Wednesday, November 05, 2014
Prevalence of disease
According to the Global Burden of Disease study carried out between 1990 and 2013 there exist gross disparities between the health of Palestinians and Israelis (Humanosphere August 2014). The biggest discrepancies found were in cardio and circulatory disease prevalence and neonatal issues - five times as much in Palestine and diabetes and endocrine diseases which are twice as prevalent amongst Palestinians as Israelis. Although the disparity between child deaths among the two populations has been diminishing over time, the rate among Palestinian children is still 5 times as much as among Israeli children in 2013 with maternal mortality double the rate in Palestine. There is also a significant difference between the numbers of mental health suffers in Palestinian territories versus in Israel – figures that Medecins Sans Frontiers (MSF) associates with a high prevalence of anxiety among Palestinians under the continuous mistreatment by IDF forces.
There were found to be many poverty-related and conflict-related afflictions with diarrhoea and infectious diseases much higher (up to 5 times) among the Palestinians as well as low rates of nutrition (5 times as much among Palestinians) which along-side poor housing and low incomes exacerbate the rate of avoidable illnesses. This has contributed to a greater scale of early death with general life expectancy (outside of conflict) around 5 years less among Palestinians that Israelis, 75 to 81, respectively – and an over 65 population of 3.2% in Palestine and 10.5 in Israel (World fact book).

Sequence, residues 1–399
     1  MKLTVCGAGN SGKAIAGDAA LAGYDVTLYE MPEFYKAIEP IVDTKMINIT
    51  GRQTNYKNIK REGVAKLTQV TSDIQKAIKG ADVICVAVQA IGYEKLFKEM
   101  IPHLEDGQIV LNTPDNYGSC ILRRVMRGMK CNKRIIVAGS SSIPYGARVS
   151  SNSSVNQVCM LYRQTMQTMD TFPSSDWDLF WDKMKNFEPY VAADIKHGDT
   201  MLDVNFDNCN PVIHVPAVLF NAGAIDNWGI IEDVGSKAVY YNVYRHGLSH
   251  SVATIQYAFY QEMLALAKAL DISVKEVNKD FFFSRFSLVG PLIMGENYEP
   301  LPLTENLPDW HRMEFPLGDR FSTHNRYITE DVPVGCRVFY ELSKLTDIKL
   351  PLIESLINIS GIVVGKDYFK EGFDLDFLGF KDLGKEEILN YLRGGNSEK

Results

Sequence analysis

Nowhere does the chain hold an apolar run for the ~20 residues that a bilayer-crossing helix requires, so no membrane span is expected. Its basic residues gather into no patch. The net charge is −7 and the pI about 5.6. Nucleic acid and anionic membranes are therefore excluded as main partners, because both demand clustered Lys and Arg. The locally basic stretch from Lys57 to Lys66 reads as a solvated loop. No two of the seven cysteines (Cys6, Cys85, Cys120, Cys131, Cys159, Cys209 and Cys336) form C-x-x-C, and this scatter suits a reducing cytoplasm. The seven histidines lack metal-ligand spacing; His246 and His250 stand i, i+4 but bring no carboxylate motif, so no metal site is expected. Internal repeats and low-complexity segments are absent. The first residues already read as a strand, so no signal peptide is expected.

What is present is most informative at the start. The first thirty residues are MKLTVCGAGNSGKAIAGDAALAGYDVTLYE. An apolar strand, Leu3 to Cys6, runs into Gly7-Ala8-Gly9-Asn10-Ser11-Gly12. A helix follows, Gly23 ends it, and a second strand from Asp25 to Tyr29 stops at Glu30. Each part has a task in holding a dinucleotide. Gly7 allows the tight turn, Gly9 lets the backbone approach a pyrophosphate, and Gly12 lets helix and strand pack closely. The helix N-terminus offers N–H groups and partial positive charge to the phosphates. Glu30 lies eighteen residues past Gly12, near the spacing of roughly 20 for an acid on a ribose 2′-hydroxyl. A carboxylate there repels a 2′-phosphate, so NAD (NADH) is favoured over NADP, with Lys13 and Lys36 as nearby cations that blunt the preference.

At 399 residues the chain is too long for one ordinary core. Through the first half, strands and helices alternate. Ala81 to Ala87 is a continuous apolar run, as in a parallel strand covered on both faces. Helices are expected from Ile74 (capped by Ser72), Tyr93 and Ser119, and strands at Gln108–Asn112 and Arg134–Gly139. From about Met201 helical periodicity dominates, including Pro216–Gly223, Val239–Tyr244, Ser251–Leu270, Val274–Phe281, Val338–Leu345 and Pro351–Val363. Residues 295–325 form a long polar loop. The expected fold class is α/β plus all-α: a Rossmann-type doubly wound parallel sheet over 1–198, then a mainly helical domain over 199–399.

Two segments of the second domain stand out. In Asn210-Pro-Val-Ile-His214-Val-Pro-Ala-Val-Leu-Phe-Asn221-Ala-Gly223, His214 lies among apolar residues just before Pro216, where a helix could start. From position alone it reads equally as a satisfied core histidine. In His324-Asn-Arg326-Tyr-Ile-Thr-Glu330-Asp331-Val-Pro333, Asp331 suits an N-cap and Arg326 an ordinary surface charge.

Further details and a breakdown can be found at http://ihmeuw.org/25vv
Health provision and access
The general health level among Israelis is on average more comparable to Europe, currently higher than in Italy or Spain (Humanopsphere, August 2014), with health spending currently at USD$ 2,071 per capita or 7.7% of GDP similar to that of Luxembourg (World fact book) with universal health care in place since 1995. Conversely Palestinians in Gaza and the West Bank are provided health care through UN agencies, specifically UNWRA and humanitarian organisations such as MSF and the ICRC – but these can cost and do have some notable conditions. The WHO estimated that 58% of the health sector in Gaza was damaged during Operation Protective Edge with specific medical concerns arising such as the increase of water-borne diseases as a result of over-crowding in shelters; complications for casualty patients including through lack of water and electricity and a decline of physical and mental health from the extended emergency period without improvements to access to health or the overall living conditions in Gaza (WHO 21st August 2014).
Health facilities and provision in Israel do not seem to be greatly affected, if at all, by hostilities and conflict while facilities in Palestine are currently also suffering from shortages in drugs – 28% of essential medicines were at zero stock and 16% at very low with anaesthesia and sutures at only 54% of that required – according to the Pharmacy director general in Gaza (WHO, 2014). The medical journal The Lancet found that poor families in Palestine had little access to medical treatment in Israel – made worse by the barrier erected by Israel within the West Bank and with Gaza – and that a fifth of access requests were either denied or delayed by the Israeli authorities. Within Israel too, Israeli Arabs were found to experience health services differently. Here economic factors were found to play less of a role than exclusionary policies towards non-Jews were found to be the cause with lower rates of insurance cover for Arabs (Chernichovsky and Anson, 2005) and subsequent fewer referrals to consultants for non-Hebrew speakers.